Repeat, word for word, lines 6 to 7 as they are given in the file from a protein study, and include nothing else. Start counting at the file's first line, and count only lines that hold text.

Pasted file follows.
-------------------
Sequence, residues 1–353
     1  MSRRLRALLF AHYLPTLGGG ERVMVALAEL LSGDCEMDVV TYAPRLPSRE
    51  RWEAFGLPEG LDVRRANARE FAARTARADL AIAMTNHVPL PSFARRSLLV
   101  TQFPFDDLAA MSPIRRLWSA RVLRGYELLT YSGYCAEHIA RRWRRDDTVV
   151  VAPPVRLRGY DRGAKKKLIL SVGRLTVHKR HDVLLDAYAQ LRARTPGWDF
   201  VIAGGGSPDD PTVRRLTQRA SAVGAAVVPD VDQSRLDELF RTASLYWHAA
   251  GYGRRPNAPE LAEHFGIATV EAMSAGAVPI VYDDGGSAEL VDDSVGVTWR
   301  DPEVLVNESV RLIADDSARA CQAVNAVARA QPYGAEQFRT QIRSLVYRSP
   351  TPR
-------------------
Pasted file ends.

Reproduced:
   201  VIAGGGSPDD PTVRRLTQRA SAVGAAVVPD VDQSRLDELF RTASLYWHAA
   251  GYGRRPNAPE LAEHFGIATV EAMSAGAVPI VYDDGGSAEL VDDSVGVTWR